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Teen Lounge is a safe, friendly, youth operated and moderated Forum and Chat Room for all jr high - college youth. Teen Lounge is owned by Caden, who is a freshman in college, plays football, loves his truck, and enjoys hunting and fishing
Subject: Grooming - younger members be alert Fri Jul 08, 2022 9:35 am
I would like to address this post to the younger members of Teen Lounge. Most of the time when we befriend someone we have never met on the Internet, it's because we usually share the same interests. However sometimes people we befriend may have ulterior motives for wanting to be your friend.
It may start out as friendly conversation, then eventually once they have your trust, lead up to more sensitive and personal conversation.
We all this grooming, and I want to share what grooming is with you, so all recognize the signs and how it happens. If any of you feel that you are being groomed by anyone, on the Internet or in person, tell you parents. If you feel it is happening here, please let Caden or an Administration know.
Online grooming often involves adults or older teens creating fake profiles and posing as children or younger teens in order to befriend someone and gain their trust.
Perpetrators of child sexual abuse are not those scary men who lurk around playgrounds looking for opportunities. In fact, according to the Crimes Against Children Research Center, 90% of children who are sexually abused know their perpetrator.
Perpetrators of sexual abuse are anywhere and everywhere. They are charismatic everyday people who earn the trust of others. They could be a staff member at your child’s school; they could be your child’s coach or music instructor; they could be at your church; they could be the nanny; they could be your very own family member.
The truth is that sexual perpetrators look and act like any other “normal” person. It can be difficult to pick them out.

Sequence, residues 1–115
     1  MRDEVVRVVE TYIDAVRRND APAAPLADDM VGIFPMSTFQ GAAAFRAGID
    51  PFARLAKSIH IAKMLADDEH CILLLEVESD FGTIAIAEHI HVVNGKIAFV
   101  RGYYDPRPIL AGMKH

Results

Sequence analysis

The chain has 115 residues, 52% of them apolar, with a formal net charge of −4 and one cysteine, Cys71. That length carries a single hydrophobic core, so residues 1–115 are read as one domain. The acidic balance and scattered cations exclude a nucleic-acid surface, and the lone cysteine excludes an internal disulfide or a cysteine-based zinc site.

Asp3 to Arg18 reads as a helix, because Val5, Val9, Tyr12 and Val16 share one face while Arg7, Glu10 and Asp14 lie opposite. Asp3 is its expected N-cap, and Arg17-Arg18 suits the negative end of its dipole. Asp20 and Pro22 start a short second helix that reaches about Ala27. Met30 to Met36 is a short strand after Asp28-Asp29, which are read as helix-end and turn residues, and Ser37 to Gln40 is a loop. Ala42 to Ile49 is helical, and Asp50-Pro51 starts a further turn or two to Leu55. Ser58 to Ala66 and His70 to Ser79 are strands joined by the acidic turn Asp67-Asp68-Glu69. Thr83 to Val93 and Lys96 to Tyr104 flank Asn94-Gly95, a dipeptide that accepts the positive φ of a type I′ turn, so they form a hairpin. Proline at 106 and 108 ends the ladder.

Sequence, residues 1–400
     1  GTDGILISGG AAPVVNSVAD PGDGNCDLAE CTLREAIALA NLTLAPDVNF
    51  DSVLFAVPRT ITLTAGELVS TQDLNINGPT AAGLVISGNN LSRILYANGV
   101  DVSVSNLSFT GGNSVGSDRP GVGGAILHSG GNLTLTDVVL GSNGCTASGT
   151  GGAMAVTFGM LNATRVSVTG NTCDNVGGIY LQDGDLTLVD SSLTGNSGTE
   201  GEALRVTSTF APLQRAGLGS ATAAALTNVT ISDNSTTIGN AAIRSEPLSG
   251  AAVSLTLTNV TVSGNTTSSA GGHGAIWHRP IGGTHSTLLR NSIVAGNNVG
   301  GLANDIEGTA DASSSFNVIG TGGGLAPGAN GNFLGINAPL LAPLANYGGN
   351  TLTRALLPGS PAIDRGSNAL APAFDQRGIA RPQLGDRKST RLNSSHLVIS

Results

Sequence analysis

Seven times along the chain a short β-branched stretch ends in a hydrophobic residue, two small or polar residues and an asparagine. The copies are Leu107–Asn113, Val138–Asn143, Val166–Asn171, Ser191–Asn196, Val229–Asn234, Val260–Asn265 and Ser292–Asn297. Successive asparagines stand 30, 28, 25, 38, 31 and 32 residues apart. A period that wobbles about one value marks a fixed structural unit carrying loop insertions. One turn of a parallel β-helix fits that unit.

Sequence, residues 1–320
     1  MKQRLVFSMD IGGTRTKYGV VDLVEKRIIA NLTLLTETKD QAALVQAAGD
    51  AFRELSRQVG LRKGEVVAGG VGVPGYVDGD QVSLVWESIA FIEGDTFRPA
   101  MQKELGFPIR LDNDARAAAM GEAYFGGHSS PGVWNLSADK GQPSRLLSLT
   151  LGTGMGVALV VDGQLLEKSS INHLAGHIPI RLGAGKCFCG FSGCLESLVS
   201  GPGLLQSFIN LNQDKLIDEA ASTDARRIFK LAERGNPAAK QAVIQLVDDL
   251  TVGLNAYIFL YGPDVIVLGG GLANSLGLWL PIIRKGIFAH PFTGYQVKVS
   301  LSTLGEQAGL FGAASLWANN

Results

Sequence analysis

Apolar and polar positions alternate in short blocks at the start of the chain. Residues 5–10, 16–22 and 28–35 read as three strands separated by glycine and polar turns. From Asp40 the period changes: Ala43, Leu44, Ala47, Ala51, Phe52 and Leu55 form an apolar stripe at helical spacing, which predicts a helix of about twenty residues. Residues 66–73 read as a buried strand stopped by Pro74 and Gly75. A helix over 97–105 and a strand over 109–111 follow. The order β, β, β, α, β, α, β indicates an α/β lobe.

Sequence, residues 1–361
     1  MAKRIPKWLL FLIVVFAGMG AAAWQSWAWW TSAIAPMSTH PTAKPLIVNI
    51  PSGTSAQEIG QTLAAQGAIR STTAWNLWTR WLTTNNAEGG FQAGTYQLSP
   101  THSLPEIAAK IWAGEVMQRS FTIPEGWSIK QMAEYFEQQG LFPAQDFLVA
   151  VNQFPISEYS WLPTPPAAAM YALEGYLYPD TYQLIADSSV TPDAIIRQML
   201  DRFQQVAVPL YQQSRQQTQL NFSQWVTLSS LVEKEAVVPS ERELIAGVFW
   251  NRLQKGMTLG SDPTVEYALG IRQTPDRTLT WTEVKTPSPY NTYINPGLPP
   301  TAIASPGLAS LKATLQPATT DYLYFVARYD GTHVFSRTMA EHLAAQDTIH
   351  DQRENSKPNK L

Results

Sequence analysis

However, there are things that almost all perpetrators have in common: they often use certain behaviors to groom a child for abuse. These behaviors are methodical, subtle, gradual, and escalating (meaning they intensify as time goes by). We typically refer to these as grooming behaviors.
While this might be frightening to think about, knowing these grooming patterns will help you to know how to identify grooming behavior, strengthen your parenting intuition, and help significantly lower the risk of your child being sexually abused and recognize signs of grooming behavior.
Six common grooming behaviors:
01 Forming Relationships
Perpetrators seek to form relationships with children. They usually spend their spare time with children and tend to be more interested in forming relationships with children than adults.
They will single out one child as “special” and give him or her extra attention and gifts as a way to form a bond between them. They will take a special interest in a child’s look and dress and may take excessive pictures of the child.
02 Testing Boundaries
Perpetrators will try to test the boundaries of your child’s comfort levels. Sometimes they will tell off-colored or sexual jokes to see how the child will respond. They may try to play sexual games such as truth-or-dare, or strip games.
They will see how the child reacts when they enter a child’s room or normal places where children are expected to have privacy, such as the restroom.
Perpetrators thrive in secrecy, and testing boundaries helps them know if they can continue without being caught.
Perpetrators will test the boundaries of touch with your child. They usually begin with non-sexual touches such as high-fives and hugging. They may slowly progress to inappropriate touching such as accidentally grazing a private part of the body, just to see how the child will react. They may kiss or have the child sit on their lap.
The thing to note is they will move from very innocent touching and progress to more sexual touching in order to test the reaction of the child.
Perpetrators use intimidation in order to keep the child from telling another person about the abuse. They will begin by testing the child’s reaction to being blamed for something simple. They will see if the child pushes back or tells an adult. Then they will progress to threatening the child or causing a child to feel a sense of guilt.
They often use fear or embarrassment to keep a child from telling another person about the abuse. They may use statements such as, “No one will believe you,” or threaten them with danger (or danger to someone they love) to keep them from telling.
05 Sharing Sexually Explicit Material
Perpetrators often share sexual material in order to normalize sex. They will use sexual terms freely in the presence of your child. They will show sexual pictures or videos. They will often begin a sexual relationship through messaging or texting first.
06 Communicating Secretly
Perpetrators will look for any communication channel to communicate with a child secretly. Often these interactions begin online. They often encourage texting, emailing and all calls to be secret. Remember perpetrators thrive in secrecy, so they will always encourage the child to keep everything silent.
ㄒㄚ丂ㄖ几, ᒎᗝᔕᕼᑌᗩ, ¢συитяу вσу, ᑕᕼᗴᗴ乙-I丅, ςαdεη, dantheman, C͏a͏r͏d͏i͏n͏ and like this post